Time to account for Aid money
The UK's International Aid budget has been given a huge amount of attention over the past few weeks, with a seemingly endless stream of headlines highlighting where International Aid money has been wasted, writes Wetherby MP Alec Shelbrooke in his column for the Wetherby News.
Wasted International Aid money is an utter disgrace. It not only short changes the British taxpayer but it also means that some of the poorest and most vulnerable people in the world are denied vital food, medicine and shelter. It must be the ongoing responsibility of the Secretary of State, Priti Patel MP, to closely scrutinise how aid money is administered and, if necessary, to crack down hard on wasteful practices.
However, International Aid money is often misunderstood through the narrative put forward by elements of the popular press. It is not simply “giving our money away to foreigners”, but is rather a key aspect of our foreign policy and our ability to influence events on the global stage.
For example, the British Government has over the past five years contributed billions of pounds to refugee camps around Syria, in Turkey, Lebanon and Jordan. These key states in this highly unstable region have taken in millions of displaced people from the war torn country of Syria. Out of a pre-war Syrian population of 22 million people over 12 million are displaced and around 5 million are in refugee camps in these three countries alone. Put into context, it is as though Wales, Scotland and Northern Ireland were between them sheltering the entire combined populations of London, Birmingham, Manchester, Liverpool, Leeds, Sheffield and Newcastle.
The pressures that have been brought to bear on European countries who have taken a small fraction of refugees has been seen across the continent; but these three countries, considerably poorer than the European average, take by far the largest burden. Without their efforts, the migration crisis truly would be out of control.
To help the Turkish, Lebanese and Jordanian governments, Britain has contributed more International Aid than all other European countries added together and has been doing so since the outbreak of the war before most countries in Europe even registered the unfolding disaster in Syria.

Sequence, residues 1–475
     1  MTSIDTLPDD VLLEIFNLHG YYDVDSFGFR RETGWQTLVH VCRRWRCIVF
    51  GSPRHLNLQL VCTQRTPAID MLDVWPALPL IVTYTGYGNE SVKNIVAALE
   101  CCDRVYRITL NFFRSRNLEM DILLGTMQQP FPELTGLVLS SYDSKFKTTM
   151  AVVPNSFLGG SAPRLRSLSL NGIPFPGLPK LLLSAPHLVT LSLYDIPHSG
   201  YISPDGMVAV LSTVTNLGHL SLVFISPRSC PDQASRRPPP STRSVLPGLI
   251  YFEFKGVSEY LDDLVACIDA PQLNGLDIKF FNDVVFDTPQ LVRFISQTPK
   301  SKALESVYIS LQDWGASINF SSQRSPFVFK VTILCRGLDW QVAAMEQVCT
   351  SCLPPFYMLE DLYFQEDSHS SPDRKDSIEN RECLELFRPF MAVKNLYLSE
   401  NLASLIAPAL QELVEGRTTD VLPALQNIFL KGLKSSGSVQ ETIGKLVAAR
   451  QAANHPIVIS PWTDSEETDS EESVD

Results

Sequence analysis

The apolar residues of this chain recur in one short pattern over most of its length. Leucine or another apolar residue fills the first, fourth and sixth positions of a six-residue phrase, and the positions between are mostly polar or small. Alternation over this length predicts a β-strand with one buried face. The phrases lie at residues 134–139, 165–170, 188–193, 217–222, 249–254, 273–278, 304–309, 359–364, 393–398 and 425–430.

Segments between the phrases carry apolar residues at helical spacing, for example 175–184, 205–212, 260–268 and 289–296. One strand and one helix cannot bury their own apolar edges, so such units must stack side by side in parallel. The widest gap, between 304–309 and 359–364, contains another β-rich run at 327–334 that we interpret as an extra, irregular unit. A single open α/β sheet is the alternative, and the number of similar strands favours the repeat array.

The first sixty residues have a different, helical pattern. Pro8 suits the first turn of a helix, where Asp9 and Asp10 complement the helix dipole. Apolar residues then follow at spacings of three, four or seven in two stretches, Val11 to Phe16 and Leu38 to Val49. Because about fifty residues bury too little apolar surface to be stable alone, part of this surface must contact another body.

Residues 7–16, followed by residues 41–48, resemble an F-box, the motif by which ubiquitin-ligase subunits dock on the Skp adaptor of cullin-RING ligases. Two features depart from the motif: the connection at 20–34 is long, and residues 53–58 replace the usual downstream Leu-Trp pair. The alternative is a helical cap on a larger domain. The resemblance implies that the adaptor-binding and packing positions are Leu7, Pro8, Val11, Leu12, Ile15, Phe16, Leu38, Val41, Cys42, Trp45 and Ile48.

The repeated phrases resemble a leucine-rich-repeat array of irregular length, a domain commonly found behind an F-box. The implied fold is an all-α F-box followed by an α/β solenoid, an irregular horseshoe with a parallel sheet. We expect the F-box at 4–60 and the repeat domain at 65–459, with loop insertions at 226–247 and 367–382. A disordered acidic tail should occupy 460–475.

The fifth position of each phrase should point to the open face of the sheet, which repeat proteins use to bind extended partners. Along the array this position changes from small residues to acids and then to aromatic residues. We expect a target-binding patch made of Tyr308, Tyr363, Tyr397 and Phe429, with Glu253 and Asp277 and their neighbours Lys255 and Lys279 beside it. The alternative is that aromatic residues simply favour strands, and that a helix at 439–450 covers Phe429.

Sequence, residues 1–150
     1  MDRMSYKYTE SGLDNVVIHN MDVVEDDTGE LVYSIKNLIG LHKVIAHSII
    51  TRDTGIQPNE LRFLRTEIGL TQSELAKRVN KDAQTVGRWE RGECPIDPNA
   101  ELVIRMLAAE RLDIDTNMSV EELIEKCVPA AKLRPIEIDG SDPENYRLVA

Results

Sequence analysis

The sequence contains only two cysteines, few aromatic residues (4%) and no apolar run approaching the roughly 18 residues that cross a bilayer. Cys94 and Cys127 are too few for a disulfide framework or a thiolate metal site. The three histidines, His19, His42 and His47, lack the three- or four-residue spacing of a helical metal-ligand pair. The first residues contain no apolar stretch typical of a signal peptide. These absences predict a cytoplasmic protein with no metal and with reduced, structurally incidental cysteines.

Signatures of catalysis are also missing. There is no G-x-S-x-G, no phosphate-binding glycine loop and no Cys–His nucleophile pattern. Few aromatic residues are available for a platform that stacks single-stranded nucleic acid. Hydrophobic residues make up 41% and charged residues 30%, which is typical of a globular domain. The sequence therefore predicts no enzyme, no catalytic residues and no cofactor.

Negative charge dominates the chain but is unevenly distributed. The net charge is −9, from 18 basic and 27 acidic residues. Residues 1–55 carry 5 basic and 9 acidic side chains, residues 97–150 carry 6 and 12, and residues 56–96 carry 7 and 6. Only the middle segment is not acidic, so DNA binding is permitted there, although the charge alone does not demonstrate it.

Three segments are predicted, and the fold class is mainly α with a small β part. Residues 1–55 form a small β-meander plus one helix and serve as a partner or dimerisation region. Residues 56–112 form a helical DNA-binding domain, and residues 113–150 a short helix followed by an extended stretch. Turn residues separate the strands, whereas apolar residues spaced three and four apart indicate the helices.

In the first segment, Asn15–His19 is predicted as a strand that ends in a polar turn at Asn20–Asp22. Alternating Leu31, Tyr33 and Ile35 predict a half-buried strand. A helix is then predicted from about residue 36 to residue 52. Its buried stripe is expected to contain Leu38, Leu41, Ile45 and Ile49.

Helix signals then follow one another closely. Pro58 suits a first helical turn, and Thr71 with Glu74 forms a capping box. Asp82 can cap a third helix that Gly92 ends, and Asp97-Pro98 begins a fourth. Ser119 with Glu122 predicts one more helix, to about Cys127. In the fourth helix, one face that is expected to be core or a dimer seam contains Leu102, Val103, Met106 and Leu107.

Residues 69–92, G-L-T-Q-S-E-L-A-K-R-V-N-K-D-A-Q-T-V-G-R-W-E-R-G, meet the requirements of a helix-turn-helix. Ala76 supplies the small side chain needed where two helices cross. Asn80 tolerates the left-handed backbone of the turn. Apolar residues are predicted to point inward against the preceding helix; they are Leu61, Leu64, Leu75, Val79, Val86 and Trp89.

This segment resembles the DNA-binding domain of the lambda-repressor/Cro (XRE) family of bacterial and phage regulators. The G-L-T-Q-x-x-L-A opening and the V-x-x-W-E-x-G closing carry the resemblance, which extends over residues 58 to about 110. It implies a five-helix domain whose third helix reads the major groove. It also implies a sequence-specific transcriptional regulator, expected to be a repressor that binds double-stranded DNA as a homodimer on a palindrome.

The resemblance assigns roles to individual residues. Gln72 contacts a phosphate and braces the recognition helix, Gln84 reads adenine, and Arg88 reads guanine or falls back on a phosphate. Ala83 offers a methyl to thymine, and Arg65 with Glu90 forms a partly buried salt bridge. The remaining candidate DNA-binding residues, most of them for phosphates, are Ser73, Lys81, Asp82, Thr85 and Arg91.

I have always stood on a platform of supporting the International Aid agenda and I am proud that we reacted quickly from the start, continuing to support aid programmes in war torn areas of the world. This has meant savings millions of lives and allowing people to stay near their homelands with the hope of returning to their lands one day. We should all be proud of the work our nation is carrying out, and it should not be dismissed as merely a ‘waste of taxpayers’ money’.
National instability across the world always has had the immediate effect of displacing populations. Whether it be though bloodshed, famine or political human rights abuses, our shared human instinct to protect our families and ourselves will always lead to people moving away from the danger.
This causes pressure and instability to spread further like ripples on a pond and eventually there is a direct effect to our country, whether through violence or strains on the economies of those we trade with.
We do not live in isolation, all world events will eventually affect us all. This is why it is better to support aid programmes in developing countries and help the development of governance and health structures to stop the stone that causes the ripples on a pond from landing in the first place.
The importance of our International Aid programmes in securing global stability therefore make it all the more vital there should be no excuse for poor value for taxpayers’ money, and means, in my view, that we should be more flexible in how we spend. When we realise that billions of pounds is pushed out of the door each year into dormant bank accounts or into frivolous projects, just to meet the target spend, then the time has come to finesse our approach.
My opinion is now that, rather than spending 0.7 per cent of gross national income per year on International Aid, we should move to an aspiration of 0.7 per cent on average over a decade, rather than a fixed level per year. This will better allow us to react to the ever changing geopolitical situation, spending more in some years, and less in others. Rather than worrying about targets, we can ensure British aid money is doing the only things it should be doing - stabilising our world and saving lives.